It is interesting to walk into a gym and watch how people exercise. Some people hurry through their reps, while others are very slow and precise. Some look as though they are using their entire body when exercising, while some are very still and have few moving parts. The common theme is that people can look very different when performing the same exercise. So, you might be asking, which is the best way?
I’m glad you asked, because I am very passionate about performing exercises correctly. First of all, it’s important to do things correctly so you do not injure yourself. Using poor form, or too much weight with an exercise (which will create poor form) will often lead to injuries. Secondly, using incorrect form involves compensation, which we will discuss further. Third, if you hurry through your reps, you will not get nearly as much benefit as if you do slow, controlled reps.
Let’s examine each of these points further. In terms of form, we want to not only perform the exercise correctly in order to achieve the desired results, but we also don’t want to injure ourselves. Proper exercise technique not only maximizes the benefit of the exercise, but it puts you in the safest position to perform the exercise. Using the proper amount of weight will allow you to use correct form and avoid compensation, which can lead to injury.
People often compensate when they have a weak muscle or group of muscles. The body is very good at compensating, but unfortunately long term compensation will lead to dysfunction, which leads to pain. An example would be someone with shoulder weakness. Say they are performing shoulder presses, and the shoulder cannot handle the amount of stress that is being placed upon it. The brain will tell other muscles to help, which could include the neck muscles or even the low back. Continued performance of this compensation can lead to issues in other areas of the body.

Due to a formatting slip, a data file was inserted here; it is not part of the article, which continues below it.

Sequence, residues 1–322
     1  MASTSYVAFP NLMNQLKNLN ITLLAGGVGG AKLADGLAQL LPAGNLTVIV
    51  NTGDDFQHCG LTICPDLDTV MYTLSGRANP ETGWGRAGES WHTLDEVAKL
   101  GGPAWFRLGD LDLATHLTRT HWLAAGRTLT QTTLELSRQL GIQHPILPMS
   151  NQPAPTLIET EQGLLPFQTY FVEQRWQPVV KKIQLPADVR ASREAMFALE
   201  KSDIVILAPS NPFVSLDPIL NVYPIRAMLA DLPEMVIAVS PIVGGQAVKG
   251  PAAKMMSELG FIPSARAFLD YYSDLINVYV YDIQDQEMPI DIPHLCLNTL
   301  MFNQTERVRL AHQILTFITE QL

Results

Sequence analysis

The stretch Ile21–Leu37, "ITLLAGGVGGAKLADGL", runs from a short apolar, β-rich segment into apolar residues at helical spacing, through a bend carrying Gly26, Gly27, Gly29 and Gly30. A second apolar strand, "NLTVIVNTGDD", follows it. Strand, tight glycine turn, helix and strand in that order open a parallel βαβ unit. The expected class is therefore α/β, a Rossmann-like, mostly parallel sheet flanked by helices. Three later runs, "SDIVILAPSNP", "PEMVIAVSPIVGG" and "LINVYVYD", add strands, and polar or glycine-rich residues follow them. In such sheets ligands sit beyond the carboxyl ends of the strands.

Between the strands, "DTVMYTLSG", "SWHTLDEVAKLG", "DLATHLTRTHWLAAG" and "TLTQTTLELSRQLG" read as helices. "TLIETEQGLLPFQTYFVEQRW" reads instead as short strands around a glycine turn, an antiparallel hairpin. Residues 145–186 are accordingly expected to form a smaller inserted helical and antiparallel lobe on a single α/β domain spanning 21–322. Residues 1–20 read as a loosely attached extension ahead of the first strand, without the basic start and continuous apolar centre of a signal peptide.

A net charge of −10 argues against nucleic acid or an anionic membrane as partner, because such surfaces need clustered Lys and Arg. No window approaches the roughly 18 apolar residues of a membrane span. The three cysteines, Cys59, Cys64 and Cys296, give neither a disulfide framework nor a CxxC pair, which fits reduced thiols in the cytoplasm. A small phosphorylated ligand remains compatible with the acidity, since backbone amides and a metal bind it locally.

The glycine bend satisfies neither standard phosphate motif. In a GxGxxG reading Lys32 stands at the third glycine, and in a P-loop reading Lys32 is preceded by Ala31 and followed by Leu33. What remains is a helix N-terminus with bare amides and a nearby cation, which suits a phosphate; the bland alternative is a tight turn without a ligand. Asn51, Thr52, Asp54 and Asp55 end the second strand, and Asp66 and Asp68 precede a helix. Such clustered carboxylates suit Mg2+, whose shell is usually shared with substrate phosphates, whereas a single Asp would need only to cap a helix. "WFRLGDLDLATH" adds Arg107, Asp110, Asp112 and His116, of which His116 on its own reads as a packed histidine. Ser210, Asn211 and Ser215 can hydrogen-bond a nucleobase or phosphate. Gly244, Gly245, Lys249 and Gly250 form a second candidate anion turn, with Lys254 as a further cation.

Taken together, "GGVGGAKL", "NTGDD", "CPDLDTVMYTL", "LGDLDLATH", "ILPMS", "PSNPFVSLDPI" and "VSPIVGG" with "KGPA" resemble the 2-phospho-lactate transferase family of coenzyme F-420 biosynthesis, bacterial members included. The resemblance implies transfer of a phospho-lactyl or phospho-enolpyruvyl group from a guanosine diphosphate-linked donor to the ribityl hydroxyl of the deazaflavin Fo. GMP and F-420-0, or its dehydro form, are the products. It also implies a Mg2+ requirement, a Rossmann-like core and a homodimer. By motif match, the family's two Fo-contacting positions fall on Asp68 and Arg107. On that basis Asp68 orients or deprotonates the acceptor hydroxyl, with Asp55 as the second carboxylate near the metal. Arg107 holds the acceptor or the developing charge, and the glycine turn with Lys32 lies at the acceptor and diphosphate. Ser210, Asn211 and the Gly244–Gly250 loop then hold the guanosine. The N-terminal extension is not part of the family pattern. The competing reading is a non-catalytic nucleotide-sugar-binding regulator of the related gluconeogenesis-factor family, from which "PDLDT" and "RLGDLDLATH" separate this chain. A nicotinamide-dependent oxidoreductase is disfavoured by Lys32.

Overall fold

Tempo of exercise is also important. The most common error is to perform the exercise too fast. This often involves using momentum to swing the weight upward, and allowing the weight to fall back down. Proper technique involves controlling the weight; lifting it slowly and precisely, then lowering it down slowly and precisely. Slow, controlled exercise is much more safe and effective. I would much rather see someone perform 10 slow, controlled reps than 30 fast, uncontrolled reps.
That is just a quick summary of the importance of exercise form. If you would like more information, or would like to have us check out your exercise form, we have the PT’s for you! Give us a call at 616-662-0990 and we’ll make sure that you’re getting the maximum benefit from your exercises!
By: Mason Riegel, PT
FMS Level 1 & 2 Certified, SFMA Certified
Steve Bartz, PT